SWBAT construct angle bisectors and identify angle relationships.

Angles pair up with special names in this lesson featuring a brain pop and pair-share investigations which are geared for differentiation instruction.

35 minutes

**Do Now: **

-Students will be asked to find a missing angle given an acute angle on a straight line. This Do Now is a great opportunity for teachers to review key terms relating to angles like acute, obtuse, right and straight angles. This Do Now also asks students to apply their knowledge of straight angles measuring 180 degrees, which is a great preview for introducing supplementary angles later in the lesson.

**Pair-Share Review:**

Students can answer the review questions that focus on the video, and also on students’ understanding of angle bisectors and application questions. Students can work in pairs on this and then you can review with students as a whole class or ask students to write their work on the board to review. These questions about angle bisectors helps students to transition into the construction of angle bisectors.

**Constructing an Angle Bisector:**

In student notes, steps for constructing an angle bisector are provided as well as a link to a video demonstrating this construction. I have provided one example for students to try, after watching a demonstration. To differentiate this part of the lesson, teachers may want to ask student to first watch a demonstration of constructing an angle bisector, and then try with a partner, and then try on their own after drawing their own angle. The video is a great resource for students who are absent.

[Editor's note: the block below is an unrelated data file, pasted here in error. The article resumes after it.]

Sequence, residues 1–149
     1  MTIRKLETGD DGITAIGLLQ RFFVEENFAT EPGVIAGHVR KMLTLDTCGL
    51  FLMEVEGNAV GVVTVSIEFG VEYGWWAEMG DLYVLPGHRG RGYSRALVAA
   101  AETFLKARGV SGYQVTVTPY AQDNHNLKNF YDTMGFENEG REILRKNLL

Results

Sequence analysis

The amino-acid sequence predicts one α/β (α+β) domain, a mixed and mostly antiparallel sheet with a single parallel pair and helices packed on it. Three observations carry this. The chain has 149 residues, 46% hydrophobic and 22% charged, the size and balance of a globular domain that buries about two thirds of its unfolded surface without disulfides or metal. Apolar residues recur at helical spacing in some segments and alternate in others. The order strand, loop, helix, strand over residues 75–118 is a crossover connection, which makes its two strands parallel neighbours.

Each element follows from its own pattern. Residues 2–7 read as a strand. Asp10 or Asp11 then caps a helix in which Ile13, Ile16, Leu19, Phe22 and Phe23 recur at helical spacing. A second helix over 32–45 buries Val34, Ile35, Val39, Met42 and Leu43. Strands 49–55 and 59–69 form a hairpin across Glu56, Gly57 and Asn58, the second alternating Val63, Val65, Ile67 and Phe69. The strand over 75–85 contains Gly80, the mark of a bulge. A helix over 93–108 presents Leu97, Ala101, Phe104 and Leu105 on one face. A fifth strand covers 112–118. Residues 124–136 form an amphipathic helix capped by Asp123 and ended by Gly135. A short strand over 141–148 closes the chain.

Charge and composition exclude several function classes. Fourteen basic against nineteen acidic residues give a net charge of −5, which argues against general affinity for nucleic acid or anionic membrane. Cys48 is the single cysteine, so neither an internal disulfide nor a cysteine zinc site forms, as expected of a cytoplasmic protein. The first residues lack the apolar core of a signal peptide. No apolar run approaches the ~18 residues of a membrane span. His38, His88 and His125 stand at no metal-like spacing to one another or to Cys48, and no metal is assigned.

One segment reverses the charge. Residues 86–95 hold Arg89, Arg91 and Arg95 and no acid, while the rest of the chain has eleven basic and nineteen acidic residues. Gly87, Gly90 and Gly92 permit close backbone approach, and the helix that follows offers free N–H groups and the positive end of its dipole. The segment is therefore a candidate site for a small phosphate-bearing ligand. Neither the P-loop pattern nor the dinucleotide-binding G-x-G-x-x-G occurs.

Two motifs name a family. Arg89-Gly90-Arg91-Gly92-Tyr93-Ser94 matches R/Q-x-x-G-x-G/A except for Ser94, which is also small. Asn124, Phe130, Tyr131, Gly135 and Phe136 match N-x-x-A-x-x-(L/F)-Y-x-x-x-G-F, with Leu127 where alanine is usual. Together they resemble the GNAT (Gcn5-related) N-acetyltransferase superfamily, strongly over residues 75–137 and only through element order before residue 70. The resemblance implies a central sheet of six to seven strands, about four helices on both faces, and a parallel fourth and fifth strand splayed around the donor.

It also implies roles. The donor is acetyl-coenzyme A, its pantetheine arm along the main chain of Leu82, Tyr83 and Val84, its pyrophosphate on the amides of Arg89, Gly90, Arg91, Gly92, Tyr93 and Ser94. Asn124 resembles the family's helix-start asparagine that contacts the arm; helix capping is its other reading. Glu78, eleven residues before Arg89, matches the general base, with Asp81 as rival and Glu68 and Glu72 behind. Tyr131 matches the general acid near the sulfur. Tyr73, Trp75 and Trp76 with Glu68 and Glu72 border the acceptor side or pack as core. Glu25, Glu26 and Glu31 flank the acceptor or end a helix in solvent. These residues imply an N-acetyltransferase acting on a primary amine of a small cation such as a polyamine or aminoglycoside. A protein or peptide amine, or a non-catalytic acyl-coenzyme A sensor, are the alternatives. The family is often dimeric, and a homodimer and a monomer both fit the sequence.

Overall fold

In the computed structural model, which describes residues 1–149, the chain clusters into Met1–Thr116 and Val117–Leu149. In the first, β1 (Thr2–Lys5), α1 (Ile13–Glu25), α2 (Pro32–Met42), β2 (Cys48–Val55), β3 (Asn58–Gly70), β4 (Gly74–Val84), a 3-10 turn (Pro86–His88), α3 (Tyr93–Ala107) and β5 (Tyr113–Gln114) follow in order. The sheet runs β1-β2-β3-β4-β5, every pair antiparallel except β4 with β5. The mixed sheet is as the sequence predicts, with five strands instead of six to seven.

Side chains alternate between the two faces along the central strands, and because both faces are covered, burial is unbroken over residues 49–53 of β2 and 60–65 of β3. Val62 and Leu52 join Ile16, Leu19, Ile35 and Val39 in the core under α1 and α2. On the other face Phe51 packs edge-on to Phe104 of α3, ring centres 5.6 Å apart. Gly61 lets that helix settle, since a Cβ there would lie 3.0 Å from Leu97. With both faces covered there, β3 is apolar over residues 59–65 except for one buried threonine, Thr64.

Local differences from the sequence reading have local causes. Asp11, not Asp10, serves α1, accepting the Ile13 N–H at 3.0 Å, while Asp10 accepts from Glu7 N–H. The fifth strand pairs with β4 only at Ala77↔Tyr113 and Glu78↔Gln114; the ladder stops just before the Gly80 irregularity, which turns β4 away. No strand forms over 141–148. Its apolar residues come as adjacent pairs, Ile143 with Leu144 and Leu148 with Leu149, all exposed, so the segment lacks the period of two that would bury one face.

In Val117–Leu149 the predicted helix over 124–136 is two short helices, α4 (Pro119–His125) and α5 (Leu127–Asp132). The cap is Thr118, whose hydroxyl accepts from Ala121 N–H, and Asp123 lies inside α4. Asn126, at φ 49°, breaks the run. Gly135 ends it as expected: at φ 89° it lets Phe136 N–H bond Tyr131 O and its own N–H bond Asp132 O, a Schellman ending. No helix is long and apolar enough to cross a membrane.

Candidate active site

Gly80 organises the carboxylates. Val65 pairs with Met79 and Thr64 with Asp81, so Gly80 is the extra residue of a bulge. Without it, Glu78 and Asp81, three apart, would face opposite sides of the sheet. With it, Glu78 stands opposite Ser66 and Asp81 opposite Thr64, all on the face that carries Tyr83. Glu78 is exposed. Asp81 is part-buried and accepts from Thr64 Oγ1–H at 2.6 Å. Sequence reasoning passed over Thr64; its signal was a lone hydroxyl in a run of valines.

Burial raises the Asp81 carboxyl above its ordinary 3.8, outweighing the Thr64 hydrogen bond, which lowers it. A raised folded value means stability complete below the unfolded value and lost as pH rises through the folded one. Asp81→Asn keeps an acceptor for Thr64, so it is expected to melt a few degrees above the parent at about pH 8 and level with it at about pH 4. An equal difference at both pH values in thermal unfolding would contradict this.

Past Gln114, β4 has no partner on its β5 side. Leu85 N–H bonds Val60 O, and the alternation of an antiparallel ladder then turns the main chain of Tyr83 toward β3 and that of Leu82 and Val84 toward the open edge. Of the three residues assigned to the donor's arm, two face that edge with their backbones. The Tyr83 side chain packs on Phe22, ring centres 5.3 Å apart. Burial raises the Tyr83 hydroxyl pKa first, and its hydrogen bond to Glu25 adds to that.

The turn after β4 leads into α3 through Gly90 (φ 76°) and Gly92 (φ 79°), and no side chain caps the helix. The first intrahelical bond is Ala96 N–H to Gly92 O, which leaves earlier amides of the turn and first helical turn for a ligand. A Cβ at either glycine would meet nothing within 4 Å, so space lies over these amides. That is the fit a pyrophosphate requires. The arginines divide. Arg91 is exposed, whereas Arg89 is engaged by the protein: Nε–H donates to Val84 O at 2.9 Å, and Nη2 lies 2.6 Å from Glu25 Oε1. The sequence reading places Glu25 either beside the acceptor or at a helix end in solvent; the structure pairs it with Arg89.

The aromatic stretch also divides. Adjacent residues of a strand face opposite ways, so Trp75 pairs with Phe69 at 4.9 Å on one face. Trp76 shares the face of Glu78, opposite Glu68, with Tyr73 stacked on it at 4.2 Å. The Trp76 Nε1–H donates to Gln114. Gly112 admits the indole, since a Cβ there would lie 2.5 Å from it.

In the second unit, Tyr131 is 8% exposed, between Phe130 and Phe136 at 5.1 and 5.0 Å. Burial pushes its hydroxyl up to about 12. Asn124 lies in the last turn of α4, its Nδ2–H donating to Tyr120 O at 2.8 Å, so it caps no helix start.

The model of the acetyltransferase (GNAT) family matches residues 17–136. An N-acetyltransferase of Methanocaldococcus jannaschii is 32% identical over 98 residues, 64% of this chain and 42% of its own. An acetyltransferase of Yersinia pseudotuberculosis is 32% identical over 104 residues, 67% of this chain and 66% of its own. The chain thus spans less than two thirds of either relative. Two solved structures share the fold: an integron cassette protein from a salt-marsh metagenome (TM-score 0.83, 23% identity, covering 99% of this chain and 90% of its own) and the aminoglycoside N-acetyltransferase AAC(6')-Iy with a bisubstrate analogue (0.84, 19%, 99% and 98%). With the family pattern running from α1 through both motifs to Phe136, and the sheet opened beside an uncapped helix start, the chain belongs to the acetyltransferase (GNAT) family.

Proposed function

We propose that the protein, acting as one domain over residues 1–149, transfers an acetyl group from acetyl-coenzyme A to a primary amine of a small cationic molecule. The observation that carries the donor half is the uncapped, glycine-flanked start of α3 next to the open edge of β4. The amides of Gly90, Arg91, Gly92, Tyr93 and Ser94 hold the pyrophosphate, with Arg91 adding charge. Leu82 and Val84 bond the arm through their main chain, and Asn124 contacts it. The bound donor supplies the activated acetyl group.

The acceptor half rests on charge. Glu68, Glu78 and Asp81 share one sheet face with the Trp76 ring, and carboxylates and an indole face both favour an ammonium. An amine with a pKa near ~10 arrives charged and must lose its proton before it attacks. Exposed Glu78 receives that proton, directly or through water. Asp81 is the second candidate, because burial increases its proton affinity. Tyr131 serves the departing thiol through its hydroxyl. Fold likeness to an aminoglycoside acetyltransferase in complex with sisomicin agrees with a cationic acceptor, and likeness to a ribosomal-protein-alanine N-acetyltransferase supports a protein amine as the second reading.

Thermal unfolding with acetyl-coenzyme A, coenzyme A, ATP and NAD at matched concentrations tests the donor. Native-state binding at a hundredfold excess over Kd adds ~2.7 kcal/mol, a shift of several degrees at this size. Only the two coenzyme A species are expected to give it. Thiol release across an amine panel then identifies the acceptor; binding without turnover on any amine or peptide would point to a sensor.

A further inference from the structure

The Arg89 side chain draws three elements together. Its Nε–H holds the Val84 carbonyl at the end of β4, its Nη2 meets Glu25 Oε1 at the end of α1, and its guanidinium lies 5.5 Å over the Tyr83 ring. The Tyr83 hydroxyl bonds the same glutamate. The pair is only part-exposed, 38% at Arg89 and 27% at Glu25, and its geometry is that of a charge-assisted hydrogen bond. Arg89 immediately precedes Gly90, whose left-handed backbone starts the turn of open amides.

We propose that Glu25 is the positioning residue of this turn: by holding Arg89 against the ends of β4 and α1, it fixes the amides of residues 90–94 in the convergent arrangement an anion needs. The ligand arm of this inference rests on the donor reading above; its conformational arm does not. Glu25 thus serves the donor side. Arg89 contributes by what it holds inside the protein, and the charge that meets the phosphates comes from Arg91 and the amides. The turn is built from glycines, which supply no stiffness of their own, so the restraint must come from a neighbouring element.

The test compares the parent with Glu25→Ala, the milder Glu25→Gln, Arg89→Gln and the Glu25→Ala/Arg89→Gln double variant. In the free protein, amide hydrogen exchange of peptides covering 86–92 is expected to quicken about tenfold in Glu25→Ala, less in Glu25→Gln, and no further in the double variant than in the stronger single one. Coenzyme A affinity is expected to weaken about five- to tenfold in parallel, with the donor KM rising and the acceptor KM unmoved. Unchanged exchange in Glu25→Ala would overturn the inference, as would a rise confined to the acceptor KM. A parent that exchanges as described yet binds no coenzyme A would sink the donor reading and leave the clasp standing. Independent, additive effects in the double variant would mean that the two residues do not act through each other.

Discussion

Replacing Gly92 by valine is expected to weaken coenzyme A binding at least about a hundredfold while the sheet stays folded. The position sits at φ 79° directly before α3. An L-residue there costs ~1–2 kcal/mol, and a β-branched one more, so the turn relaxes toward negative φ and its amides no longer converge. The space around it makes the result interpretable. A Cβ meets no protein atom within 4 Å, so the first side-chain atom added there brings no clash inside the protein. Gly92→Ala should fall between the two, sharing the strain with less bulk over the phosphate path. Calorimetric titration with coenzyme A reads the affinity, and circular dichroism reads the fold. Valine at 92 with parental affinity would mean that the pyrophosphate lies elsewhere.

After constructing the angle bisector, a thinking question helps students to think about why this construction works. Although students have not learned about congruent triangles yet, the drawing in student notes, shows many different shapes and students can take this opportunity to think about what shapes are created when an angle is bisected and how these shapes are related.

25 minutes

10 minutes

**Practice:** There are three practice examples that teachers can lead students through to practice applying the concepts learned in class today. Example 1 is particularly important because it asks students to use algebra to find measures of complementary angles without a picture. You should stress that drawing a picture helps everyone to visualize information provided, and being asked.

**Activity/Homework:** Students will be asked to finish activity in class, and any questions that are not finished will become homework. You may also want to ask students to work on creating flashcards of key vocabulary learned in today’s class.

**Exit Ticket:** Students will complete an exit ticket question that students to represent the complement and supplement of an angle given a measurement and an expression. This is another great connection to algebra and vocab for this day’s lesson.